The idea behind the Sig Legion pistols is pretty simple. Sig took a couple of their most highly regarded firearms and gave them a series of professional-level upgrades. The P226 and P229 already had reputations that put them among the elite handguns on the market. But Sig recognized that many of their users were modifying the stock guns to squeeze even better performance out of them.

It wasn’t unusual for individuals who carry pistols as part of their job description to invest an extra $1,000 to $1,500 into a P226 or P229 to get it “just right.” Sig took many of these ideas—based on numerous interviews with military, law enforcement, and security personnel—and cut out the middlemen, doing the work themselves. The only ones losing out on this deal are the custom gunsmiths who specialized in making these mods.

Gun Review: Sig P229 Legion
The Legion features the Grayguns Intermediate Reach Adjustable Trigger. author photo

Shooters who own and carry guns for protection, however, came out smelling like a rose with this arrangement. The additional cost of owning one of these Legion series guns is about $300 to $400 more than the stock version. At $1,428 MSRP, the Legion pistols are a great value.

We pit two 9mm pistols—both very popular with law enforcement and military, but of different design—against each other. Here’s how they fared.

So what do you get with a Legion pistol? Quite a bit. Most of the upgrades improve the ergonomics of the pistol and allow it to be carried more easily.

The checkering on the G-10 grips is fabulous, with varying densities of the diamond pattern on different parts of the stock. The upper portion of the stock has smaller diamonds than the lower portion. Sig added fine checkering underneath the trigger guard and on the front of the frame and along the rear backstrap.

Sig also slimmed down the grip by removing some material from the frame just below the trigger guard.

These pistols also have a contoured beavertail on them that allows for a good high-hand position on the gun. The effect of these changes is that the P226 and P229, which are a bit bulky, are much easier to grip and shoot.

The slide catch and decocking lever have both been reduced in size and are less likely to snag on clothing or other gear.

Gun Review: Sig P229 Legion
The rear night sight features a cocking hook, allowing the user to rack the slide with only one hand. author photo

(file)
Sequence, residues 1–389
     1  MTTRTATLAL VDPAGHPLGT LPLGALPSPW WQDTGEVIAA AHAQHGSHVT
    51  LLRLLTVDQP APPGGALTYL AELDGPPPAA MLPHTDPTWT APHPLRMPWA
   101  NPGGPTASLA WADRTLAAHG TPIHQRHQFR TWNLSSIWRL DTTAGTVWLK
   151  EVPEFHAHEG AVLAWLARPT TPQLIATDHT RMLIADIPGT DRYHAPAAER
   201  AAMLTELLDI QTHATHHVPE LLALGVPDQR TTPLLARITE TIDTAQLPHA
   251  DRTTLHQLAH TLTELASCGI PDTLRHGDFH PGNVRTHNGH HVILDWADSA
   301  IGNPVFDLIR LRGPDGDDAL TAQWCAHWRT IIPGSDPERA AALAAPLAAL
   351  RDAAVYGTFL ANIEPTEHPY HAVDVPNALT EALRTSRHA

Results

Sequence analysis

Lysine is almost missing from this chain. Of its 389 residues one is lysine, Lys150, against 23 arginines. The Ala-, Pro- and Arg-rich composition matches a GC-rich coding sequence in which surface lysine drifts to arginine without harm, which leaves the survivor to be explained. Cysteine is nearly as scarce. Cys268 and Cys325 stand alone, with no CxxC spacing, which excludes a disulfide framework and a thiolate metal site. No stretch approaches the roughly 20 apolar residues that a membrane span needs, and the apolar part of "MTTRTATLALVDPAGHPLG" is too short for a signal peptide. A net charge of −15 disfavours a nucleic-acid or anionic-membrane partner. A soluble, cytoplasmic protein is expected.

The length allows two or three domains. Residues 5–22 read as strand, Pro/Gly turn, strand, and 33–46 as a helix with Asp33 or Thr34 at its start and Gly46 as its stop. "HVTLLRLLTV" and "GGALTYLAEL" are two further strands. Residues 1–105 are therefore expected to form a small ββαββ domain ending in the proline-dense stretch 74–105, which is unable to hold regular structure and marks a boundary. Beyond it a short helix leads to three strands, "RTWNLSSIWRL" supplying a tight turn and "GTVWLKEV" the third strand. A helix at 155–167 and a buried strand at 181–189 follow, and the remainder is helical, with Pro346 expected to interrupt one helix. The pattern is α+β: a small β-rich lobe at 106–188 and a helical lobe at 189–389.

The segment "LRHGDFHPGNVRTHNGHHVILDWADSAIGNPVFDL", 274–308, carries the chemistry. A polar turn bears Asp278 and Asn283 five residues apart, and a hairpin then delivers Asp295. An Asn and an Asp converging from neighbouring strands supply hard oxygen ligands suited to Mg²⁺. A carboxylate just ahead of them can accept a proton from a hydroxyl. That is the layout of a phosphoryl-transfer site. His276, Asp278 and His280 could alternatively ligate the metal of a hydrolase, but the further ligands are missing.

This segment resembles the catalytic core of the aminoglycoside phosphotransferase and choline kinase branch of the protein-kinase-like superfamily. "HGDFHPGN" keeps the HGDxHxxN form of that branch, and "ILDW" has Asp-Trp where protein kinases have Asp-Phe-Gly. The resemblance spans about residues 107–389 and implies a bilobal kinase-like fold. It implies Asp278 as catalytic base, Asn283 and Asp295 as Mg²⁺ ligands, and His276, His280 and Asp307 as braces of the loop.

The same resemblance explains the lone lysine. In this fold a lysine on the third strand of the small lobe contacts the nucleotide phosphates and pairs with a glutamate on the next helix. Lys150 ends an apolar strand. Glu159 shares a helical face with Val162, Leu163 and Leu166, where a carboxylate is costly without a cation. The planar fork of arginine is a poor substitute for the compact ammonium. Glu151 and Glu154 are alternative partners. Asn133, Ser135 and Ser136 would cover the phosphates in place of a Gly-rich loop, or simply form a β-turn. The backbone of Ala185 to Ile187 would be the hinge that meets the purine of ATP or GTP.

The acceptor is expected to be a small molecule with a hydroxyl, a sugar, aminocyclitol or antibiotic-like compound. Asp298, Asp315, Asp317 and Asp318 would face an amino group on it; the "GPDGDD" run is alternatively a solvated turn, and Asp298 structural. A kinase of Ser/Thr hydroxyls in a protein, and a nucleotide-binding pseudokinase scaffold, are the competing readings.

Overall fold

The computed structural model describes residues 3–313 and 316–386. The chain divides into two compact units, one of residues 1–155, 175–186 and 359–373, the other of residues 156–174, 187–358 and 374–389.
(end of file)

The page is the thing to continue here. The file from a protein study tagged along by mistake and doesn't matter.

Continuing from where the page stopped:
The trigger has been replaced with the well-regarded Intermediate Reach Adjustable Trigger by Grayguns.

A set of excellent contrasting night sights rides on top of the gun for use under all lighting conditions. The rear sight also has a cocking hook built into it, so the user can rack the slide with only one hand by placing the sight against an edge and pushing forward.

The pistol shoots great too. I’m not the biggest fan of the DA/SA (double action/single action) system, but I warmed up to this pistol and have been carrying it with me for the last several months. Sig also makes a SAO (single-action only) Legion model, and I plan to trade my P229 for one of those.

Gun Review: Sig P229 Legion
The Legion, which is available in 9mm, .357 Sig, and .40 S&W, comes with three 15-round magazines. author photo

Shooting the Legion

Since acquiring my P229 Legion earlier this year, I’ve made a point of running as many types of ammo as I can through it. This has included a couple thousand rounds of training ammo such as American Eagle Syntech, Remington/UMC, and Winchester white box, plus and several hundred rounds of premium personal protection loads. The P229, which ships with three 15-round magazines, gobbled up everything with gusto.

SPECIFICATIONS: Sig Sauer P229 Legion

Calibers available: 9mm/.357 Sig/.40 S&W

Action type: DA/SA

Trigger pull: 10.0/4.4 lb.

Frame/slide: Alloy/stainless steel

Overall length: 7.1 in.

Overall height: 5.4 in.

Overall width: 1.5 in.

Barrel length: 3.9 in.

Sight radius: 5.7 in.

Weight w/ magazine: 29.6 oz.

Sights: X-RAY day/night sights

Grips: Custom G-10

Accessory rail: Picatinny

MSRP: $1,428